Tips for uploading audio to MusicGen

Condition a melody with MusicGen

MusicGen lets users upload and elaborate on an existing audio file, called a melody condition.

For the best results, you should upload a melody with no chords or accompaniment. You can upload organic samples of humming or whistling, or record an instrumental track. If you go that route, try to use a clean instrument without a noise layer, like a piano or sine wave. This will help the model understand and incorporate your melody into the final output more effectively.



Duration slider

Your melody condition (audio file) can be the same length as the duration the value, or shorter if you prefer. The number in the text field above the slider represents the number of seconds that you're targeting for the output.


If your audio file is longer than 30 seconds, for example a hummed melody from your phone that lasts a minute or two, the output won't capture it properly. On the other hand, if the file is too short, MusicGen might not continue referencing the melody and will instead default to the genre of choice. It may also drop off a cliff and devolve into noisy silence before the 30 second mark is reached.


Make sure that when you're uploading a file, you are using the Melody model as shown in the image below. The other three options (medium, small, large) are only available for text prompts, so it will throw an error if you try to use those with an audio file.


MusicGen melody model

Note that in the example above, we requested a 30 second melody but the final music generation itself was only ~15 seconds. By increasing the length of audio input, the output tends to be longer as well. To demonstrate this, we looped the original melody seven times to get a 28 second audio file, reuploaded, and the final audio file reached the 30 second duration target (shown below). The melody was included through the duration of the generated music.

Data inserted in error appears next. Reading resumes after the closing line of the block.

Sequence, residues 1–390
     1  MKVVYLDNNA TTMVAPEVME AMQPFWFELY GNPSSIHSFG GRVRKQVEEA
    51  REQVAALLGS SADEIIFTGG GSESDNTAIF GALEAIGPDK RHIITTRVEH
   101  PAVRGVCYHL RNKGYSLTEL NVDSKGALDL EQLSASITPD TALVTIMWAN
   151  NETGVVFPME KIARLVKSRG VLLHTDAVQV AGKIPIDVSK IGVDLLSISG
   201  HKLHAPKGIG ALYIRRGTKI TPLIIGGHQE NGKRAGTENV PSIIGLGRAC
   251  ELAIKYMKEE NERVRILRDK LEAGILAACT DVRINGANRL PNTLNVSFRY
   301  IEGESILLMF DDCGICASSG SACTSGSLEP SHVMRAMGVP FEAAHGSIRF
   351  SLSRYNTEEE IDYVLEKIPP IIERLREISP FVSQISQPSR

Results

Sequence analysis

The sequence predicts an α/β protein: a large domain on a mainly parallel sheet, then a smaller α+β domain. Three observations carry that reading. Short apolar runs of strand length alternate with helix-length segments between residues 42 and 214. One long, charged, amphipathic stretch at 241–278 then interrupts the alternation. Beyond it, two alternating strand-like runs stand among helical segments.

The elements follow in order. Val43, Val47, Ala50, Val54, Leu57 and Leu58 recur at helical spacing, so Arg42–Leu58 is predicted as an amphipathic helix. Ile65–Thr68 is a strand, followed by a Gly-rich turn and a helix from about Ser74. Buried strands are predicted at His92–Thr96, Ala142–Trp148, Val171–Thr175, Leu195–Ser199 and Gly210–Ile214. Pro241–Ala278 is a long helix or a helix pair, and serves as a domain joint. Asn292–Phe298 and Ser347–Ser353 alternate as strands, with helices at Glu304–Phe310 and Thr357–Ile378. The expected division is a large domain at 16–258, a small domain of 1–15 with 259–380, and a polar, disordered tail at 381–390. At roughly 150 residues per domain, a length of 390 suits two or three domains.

Longer melody condition with MusicGen

Like the song idea and want to develop it further? Save the audio file and use an audio-to-midi converter like Samplab 2 to continue developing it further. This brings your MIDI workflow full circle with the DAW.

Turning the generated audio track back into MIDI gives you maximum creative control over the sound design and chords, rather than being stuck with the sample MusicGen provided. Plus you can continue to compose your own music based on that starting point.



Using SplitTrack2MusicGen for melodic conditioning


Once you've got the hang of Meta's basic MusicGen space, you can move on to the more advanced Hugging Face space by Fffiloni, called SplitTrack2MusicGen.


This space will allow you to upload your own audio files, isolate individual tracks using a stem splitter, and combine the chosen audio with text prompts to modify the arrangement. For the best results, duplicate the space to your account and turn on the large model. After booting up the space, here are the steps you should plan to take.